Thursday, July 24, 2014

Silly Trekkin'

Want to hear the lyrics to Goldsmith's "Theme from STAR TREK: The Motion Picture"?  Want to listen to the imitation-Disco LP single stuck into the Search for Spock soundtrack LP?  Want to hear more variations on Courage's theme than you can shake a Tribble at?

Well, my friend, you're in the right place!

1     The Galactic Force Band  Star Trek TV Theme
2    Gene Page  Star Trek TV Theme
3    Gotham’s Greatest    Star Trek TV Theme
4    Gotham’s Greatest    STAR TREK: The Motion Picture Theme
5    Chris Holland   Star Trek TV Theme
6    Nichelle Nichols Theme from Star Trek
7 Now Sound Orchestra Ilias Theme from ST:TMP
8 Now Sound Orchestra Star Trek II Theme
9 Now Sound Orchestra ST:TMP Theme
10 Schnauzer Radio Orchestra Star Trek TV Theme
11 The Charles Randolph Grean Sounde Star Trek TV Theme
12 Orion Star Trek Tekkno
13 The Secret Agents Star Trek TV Theme
14 Phil Reavis Star Trek TV Theme
15 Super Hero Orchestra Star Trek TV Theme
16 Ettore Strata Star Trek Suite
17 Ed Willett Star Trek TV Theme
18 Wonderland Space Shuttle Star Trek TV Theme
19 Laserlight Label  Star Trek TV Theme
20 Phil Woods Quintet Star Trek TV Theme
21 London Philharmonic Star Trek TV Theme
22 James Horner The Search for Spock
23 Opie & Anthony Star Trek Rhapsody
24 The Firm Star Trekkin

So, let your Federation Freak flag fly!

See you Monday.

Monday, July 21, 2014

Media Virus -- Silly Book, Intriguing Idea

I’ve been reading a book called Media Virus! Hidden Agendas in Popular Culture, by Douglas Rushkoff.  Along with the silly leftwing pseudo-intellectual arguments, Rushkoff’s main argument can be looked at from a TREK angle.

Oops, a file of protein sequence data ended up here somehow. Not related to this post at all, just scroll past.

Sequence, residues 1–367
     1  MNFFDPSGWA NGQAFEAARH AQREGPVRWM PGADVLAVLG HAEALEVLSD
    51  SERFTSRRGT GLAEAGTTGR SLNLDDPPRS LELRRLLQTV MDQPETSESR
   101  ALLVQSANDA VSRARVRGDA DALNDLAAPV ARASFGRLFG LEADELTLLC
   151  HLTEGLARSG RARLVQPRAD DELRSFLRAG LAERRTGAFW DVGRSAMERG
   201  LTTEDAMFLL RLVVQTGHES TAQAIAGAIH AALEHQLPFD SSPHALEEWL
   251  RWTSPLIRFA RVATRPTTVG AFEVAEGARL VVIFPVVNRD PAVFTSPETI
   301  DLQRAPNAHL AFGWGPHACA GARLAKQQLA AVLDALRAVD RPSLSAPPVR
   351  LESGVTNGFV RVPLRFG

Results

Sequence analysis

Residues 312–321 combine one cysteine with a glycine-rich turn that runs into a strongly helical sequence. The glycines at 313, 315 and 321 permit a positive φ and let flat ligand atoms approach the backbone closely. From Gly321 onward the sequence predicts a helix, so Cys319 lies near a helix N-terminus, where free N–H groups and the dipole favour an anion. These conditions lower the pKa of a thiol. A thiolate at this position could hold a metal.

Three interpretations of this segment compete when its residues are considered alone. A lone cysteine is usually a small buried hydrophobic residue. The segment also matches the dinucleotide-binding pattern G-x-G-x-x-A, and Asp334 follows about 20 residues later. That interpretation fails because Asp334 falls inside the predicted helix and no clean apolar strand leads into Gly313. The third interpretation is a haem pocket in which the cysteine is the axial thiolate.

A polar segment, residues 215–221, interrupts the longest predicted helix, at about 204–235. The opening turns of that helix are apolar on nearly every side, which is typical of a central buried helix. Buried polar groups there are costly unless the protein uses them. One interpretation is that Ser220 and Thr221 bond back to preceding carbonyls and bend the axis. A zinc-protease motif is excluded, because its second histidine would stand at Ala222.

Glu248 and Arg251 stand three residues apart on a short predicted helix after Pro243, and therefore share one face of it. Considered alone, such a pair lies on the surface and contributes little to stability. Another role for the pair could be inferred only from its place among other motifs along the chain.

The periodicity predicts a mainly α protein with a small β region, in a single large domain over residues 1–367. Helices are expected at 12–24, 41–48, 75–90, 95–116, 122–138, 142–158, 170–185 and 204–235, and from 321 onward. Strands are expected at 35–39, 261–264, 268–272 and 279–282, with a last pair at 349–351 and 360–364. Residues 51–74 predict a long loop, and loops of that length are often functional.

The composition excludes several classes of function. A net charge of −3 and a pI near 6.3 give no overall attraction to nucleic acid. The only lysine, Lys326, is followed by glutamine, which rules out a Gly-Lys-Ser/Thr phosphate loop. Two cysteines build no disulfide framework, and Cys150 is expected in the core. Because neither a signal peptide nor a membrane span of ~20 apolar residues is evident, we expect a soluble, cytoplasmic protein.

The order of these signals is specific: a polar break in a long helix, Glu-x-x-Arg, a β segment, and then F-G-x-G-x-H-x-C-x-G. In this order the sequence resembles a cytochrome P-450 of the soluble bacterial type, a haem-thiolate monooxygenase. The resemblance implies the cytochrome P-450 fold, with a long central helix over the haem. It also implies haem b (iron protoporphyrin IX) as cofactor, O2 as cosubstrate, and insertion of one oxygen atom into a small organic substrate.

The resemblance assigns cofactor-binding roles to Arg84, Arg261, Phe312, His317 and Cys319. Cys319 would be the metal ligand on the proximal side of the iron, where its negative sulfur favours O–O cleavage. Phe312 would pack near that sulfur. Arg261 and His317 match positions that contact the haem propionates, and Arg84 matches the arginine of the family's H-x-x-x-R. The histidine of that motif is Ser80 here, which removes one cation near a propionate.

Some silly things I’ve noticed so far: On pages 39-40, Rushkoff states, “Many environmentalists refuse to distinguish between dirty technologies (burning coal, driving cars, making paper) and “clean” technologies (television, computers) ….”

What a stupid statement!  Where does he think the ENERGY to run these things comes from?  Power plants!  Where does he think these “clean” techno-gadgets go when broken or outdated?  The dump!  These facts don’t  make TVs or computers any “cleaner” than cars, do they?

A second silly section begins on page 58, as Rushkoff lavishes praise on the “innovative” Esalen Institute, a trailblazer in the encounter-your-feelings modern world. He’s in awe of its supposedly revolutionary format:  “These were seminars conducted for a participatory audience.  For the first time the students were as involved in the discussions as the ‘teachers’ ” (p 59).

What a novel idea, the idea that a teacher and  his students can learn from each other!  What do you think we should call these roundtable-type seminars, this “never-before-tried” method of mutual inquiry between students and lecturer? 

How about THE SOCRATIC METHOD?  Which is, I don’t know, THOUSANDS OF YEARS OLD????


Still, the central conceit of Rushkoff’s book is that, like a virus, a possibly revolutionary idea or concept may hide inside a popular meme that becomes prevalent without the “hidden intent” being a conscious part of the meme’s perception..

“Once attached, the virus injects its more hidden agenda into the datastream in the form of ideological code  ….  Media viruses spread rapidly if they provoke our interest …” (p 10).

This reminded me of the widely held belief that Gene Roddenberry was deliberately, intentionally preaching equality and optimism for the future, under cover of a nifty space show with flashy costumes.

I think that this “bold vision of the future” is as much a product of our own reading into history as it is a fact of STAR TREK history.